Newcourt Tump, Bacton

Has been described as a Certain Timber Castle (Motte), and also as a Certain Masonry Castle

There are masonry footings remains

NameNewcourt Tump, Bacton
Alternative NamesNewcourt Farm
Historic CountryHerefordshire
Modern AuthorityHerefordshire
1974 AuthorityHereford and Worcester
Civil ParishBacton

Remains of a motte and bailey. A fortified enclosure protected on two sides by a natural double scarp with a berm between and on the western side by a ditch and inner rampart. The triangular spur has been used to create a defensive bank of up to 10 metres in height. Within the easternmost angle of the enclosure is a small mound with a depression in the top. The mound is quite low and unusually rectangular, possibly because it is not a motte but the overgrown remains of a former structure. The bailey area has the overgrown remains of rectangular structures still visible on the ground, with some delineated by exposed masonry walls. Thes western edge of the site hads been made defensive through the construction of a cross ditch of up to 3 metres in height. The site is intervisble with several other castle sites in the Golden Valley. The castle appears to have fallen out of use by the 14th century, although there are no known documentary references to the site. There appears to be significant dispute over the form and nature of this site. (PastScape)

Gatehouse Comments

Phillips suggests this was a watch tower overlooking the Golden Valley. He does also suggest the site as an enclosed farmstead. However there are similarities to 'knight's fee' type farmsteads with mounds in other parts of the welsh marches.

- Philip Davis

This site is a scheduled monument protected by law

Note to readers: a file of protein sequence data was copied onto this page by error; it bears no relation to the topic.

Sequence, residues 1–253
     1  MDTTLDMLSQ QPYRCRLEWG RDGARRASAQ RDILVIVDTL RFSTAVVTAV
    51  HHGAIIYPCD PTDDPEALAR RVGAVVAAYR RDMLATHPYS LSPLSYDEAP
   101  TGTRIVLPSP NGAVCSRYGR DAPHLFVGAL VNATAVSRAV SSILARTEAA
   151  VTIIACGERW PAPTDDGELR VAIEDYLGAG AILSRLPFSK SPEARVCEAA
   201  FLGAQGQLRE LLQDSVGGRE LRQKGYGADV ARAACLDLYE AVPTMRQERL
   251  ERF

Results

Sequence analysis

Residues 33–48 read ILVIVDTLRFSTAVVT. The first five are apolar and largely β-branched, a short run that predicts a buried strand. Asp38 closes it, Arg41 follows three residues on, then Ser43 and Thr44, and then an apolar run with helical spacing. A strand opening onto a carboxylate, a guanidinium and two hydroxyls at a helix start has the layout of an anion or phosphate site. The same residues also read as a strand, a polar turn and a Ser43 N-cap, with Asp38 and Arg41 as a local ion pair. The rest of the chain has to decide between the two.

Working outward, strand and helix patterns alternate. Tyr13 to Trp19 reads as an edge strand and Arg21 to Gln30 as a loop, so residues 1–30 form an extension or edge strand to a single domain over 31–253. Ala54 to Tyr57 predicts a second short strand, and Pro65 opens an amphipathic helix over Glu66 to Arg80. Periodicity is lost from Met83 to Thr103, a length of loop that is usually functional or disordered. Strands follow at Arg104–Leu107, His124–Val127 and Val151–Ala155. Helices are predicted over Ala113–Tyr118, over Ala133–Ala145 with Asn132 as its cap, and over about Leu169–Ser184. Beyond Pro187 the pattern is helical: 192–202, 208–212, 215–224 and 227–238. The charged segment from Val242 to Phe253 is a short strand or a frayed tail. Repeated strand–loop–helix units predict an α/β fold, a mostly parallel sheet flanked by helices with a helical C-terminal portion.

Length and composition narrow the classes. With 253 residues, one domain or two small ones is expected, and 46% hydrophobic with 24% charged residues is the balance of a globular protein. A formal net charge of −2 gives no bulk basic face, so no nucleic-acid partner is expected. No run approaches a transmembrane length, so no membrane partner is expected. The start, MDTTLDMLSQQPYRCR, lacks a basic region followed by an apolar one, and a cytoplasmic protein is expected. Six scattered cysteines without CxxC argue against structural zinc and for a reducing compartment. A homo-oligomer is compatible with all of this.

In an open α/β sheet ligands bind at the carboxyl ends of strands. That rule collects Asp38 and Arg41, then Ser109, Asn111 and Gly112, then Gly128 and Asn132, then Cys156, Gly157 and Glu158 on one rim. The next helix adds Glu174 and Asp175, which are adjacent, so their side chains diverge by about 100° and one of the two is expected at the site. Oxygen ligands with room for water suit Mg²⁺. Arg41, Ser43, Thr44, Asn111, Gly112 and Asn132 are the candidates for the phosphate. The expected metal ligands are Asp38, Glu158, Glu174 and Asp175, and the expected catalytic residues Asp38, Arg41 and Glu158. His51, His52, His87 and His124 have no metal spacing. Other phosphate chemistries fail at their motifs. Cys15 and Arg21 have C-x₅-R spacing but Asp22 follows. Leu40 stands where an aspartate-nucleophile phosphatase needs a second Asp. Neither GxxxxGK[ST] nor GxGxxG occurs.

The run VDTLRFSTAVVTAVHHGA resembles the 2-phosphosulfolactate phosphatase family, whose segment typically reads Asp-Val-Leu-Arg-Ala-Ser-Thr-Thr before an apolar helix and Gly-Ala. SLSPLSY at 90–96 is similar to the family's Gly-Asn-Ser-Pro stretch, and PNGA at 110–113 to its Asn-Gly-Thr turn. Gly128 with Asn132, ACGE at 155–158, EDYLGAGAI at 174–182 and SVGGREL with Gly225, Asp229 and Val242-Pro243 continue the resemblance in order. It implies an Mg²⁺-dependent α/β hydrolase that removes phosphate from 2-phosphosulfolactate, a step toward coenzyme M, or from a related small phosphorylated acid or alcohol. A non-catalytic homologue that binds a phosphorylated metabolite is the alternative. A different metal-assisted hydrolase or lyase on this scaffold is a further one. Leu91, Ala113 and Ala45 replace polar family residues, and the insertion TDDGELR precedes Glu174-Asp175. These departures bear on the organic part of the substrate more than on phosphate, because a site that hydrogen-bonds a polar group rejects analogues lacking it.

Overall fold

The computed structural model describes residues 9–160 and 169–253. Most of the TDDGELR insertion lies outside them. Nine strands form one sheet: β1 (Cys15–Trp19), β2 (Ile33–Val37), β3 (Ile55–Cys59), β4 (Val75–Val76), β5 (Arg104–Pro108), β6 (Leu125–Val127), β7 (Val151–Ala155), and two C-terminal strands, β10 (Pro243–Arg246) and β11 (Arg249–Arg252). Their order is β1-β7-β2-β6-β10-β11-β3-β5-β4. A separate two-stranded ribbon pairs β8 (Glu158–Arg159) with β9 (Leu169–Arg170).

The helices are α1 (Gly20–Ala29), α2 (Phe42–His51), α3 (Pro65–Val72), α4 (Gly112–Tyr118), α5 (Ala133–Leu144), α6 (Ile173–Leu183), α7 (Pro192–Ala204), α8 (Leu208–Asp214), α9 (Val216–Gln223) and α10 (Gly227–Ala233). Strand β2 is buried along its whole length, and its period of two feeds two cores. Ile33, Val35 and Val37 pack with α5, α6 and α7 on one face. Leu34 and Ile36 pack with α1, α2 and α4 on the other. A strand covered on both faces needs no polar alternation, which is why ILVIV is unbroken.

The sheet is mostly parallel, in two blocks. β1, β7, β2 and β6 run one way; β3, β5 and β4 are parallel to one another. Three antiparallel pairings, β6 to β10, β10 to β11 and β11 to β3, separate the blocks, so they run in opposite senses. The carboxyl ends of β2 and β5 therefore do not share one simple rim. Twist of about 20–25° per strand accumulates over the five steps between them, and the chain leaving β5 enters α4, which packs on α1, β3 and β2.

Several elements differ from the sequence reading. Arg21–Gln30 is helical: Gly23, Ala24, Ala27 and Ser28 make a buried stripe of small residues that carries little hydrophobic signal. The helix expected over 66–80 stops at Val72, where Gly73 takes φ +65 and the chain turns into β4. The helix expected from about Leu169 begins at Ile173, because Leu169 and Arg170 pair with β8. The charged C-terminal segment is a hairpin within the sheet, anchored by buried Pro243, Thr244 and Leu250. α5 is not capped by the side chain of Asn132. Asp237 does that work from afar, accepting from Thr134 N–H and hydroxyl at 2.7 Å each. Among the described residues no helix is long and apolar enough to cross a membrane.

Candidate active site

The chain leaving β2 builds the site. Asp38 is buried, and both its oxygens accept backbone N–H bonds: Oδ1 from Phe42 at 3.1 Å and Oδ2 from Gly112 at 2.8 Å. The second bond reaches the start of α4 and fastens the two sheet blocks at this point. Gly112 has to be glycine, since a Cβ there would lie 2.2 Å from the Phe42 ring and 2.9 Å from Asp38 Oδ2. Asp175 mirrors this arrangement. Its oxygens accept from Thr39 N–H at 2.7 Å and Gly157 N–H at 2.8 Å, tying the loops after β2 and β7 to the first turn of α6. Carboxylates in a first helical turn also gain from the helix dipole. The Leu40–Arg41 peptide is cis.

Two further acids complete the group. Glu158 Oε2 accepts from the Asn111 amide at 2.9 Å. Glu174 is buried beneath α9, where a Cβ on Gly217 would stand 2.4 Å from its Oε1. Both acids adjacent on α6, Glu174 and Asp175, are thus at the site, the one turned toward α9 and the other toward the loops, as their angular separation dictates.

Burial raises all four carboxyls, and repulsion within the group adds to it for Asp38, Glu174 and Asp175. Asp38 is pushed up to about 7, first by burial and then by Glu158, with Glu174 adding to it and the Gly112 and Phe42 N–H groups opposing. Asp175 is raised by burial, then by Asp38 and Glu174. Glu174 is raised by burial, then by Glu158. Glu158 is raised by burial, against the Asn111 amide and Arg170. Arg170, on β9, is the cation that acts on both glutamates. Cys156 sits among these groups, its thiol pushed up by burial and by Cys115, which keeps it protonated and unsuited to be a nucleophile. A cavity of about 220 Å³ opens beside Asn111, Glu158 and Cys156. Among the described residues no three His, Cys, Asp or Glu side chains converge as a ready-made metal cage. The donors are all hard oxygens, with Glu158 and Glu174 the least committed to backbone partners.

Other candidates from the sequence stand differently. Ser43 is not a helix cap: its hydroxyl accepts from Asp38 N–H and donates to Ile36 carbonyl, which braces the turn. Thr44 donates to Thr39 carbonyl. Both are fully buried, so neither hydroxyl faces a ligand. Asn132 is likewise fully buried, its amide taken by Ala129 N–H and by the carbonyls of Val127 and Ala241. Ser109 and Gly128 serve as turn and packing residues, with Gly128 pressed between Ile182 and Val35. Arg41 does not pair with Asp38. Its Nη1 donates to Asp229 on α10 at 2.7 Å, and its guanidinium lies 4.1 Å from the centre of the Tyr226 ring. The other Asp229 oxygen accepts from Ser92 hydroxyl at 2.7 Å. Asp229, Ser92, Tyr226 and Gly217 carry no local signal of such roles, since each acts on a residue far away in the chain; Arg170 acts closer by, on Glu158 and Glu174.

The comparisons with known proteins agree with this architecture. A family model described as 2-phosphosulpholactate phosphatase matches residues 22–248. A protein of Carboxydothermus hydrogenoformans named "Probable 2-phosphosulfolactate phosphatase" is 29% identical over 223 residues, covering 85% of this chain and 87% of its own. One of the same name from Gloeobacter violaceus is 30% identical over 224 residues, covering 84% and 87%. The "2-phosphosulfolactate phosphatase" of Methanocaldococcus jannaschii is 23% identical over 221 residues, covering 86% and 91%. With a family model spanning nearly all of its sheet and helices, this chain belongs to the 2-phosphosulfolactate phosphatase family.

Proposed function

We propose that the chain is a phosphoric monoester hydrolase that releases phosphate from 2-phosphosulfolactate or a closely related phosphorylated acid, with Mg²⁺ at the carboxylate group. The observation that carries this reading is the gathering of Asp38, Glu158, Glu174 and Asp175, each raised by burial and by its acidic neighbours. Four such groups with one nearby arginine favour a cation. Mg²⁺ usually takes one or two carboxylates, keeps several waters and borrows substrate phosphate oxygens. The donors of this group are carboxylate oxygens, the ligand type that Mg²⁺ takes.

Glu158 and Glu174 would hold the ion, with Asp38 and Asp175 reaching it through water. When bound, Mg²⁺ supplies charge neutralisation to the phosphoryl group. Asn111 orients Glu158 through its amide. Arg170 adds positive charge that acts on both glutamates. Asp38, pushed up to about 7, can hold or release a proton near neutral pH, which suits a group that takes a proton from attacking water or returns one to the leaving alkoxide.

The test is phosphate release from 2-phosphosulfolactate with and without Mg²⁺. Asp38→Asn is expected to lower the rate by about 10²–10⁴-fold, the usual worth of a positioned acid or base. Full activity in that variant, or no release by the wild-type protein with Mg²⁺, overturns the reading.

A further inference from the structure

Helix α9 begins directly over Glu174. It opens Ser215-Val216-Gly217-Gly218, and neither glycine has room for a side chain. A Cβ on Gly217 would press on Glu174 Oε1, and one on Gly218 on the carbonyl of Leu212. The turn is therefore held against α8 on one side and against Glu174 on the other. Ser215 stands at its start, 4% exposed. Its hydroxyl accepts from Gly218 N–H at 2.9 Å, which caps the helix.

Not Listed

Historic England (PastScape) Defra or Monument number(s)
County Historic Environment Record
OS Map Grid ReferenceSO371335
Latitude51.9969100952148
Longitude-2.91710996627808
Eastings337130
Northings233560
HyperLink HyperLink HyperLink
Copyright Philip Halling and licensed for reuse under this Creative Commons license.

Most of the sites or buildings recorded in this web site are NOT open to the public and permission to visit a site must always be sought from the landowner or tenant.

Calculate Print

Books

  • Shoesmith, Ron, 2009 (Rev edn.), Castles and Moated Sites of Herefordshire (Logaston Press) p. 54-5
  • Prior, Stuart, 2006, A Few Well-Positioned Castles: The Norman Art of War (Tempus) p. 110-164
  • Phillips, Neil, 2005, Earthwork Castles of Gwent and Ergyng AD 1050-1250 (University of Wales) p. 118-19 Download from ADS
  • Salter, Mike, 2000, Castles of Herefordshire and Worcestershire (Malvern: Folly Publications) p. 53
  • Stirling-Brown, R., 1989, Herefordshire Castles (privately published) p. 1, 2
  • King, D.J.C., 1983, Castellarium Anglicanum (London: Kraus) Vol. 1 p. 202
  • 1981, Herefordshire Countryside Treasures (Hereford and Worcester County Council) p. 47
  • RCHME, 1931, An inventory of the historical monuments in Herefordshire Vol. 1: south-west p. 20-1 no. 8 online transcription
  • Gould, I. Chalkley, 1908, in Page, Wm (ed), VCH Herefordshire Vol. 1 p. 233

Journals

  • Halliwell, P. (ed), 1990, Herefordshire Archaeological News Vol. 53 p. 18-19 (plan)
  • Sterling Brown, R., 1988, 'Preliminary Results of Castle Survey' Herefordshire Archaeological News Vol. 50 p. 41
  • Hogg, A.H.A. and King, D.J.C., 1970, 'Castles in Wales and the Marches (Additions and corrections to lists published in 1963 and 1967)' Archaeologia Cambrensis Vol. 119 p. 119-124
  • Marshall, G., 1938, 'The Norman Occupation of the Lands in the Golden Valley. Ewyas, and Clifford, and their Motte and Bailey Castles' Transactions of the Woolhope Naturalists' Field Club p. 149-50

Other

  • Kay, R.E., 1946-47, Diaries. Series 1 Vol. 3 (RCAHMW) p. 313
  • Kay, R.E., 1952, Diaries. Series 3 Vol. 7 (RCAHMW) p. 403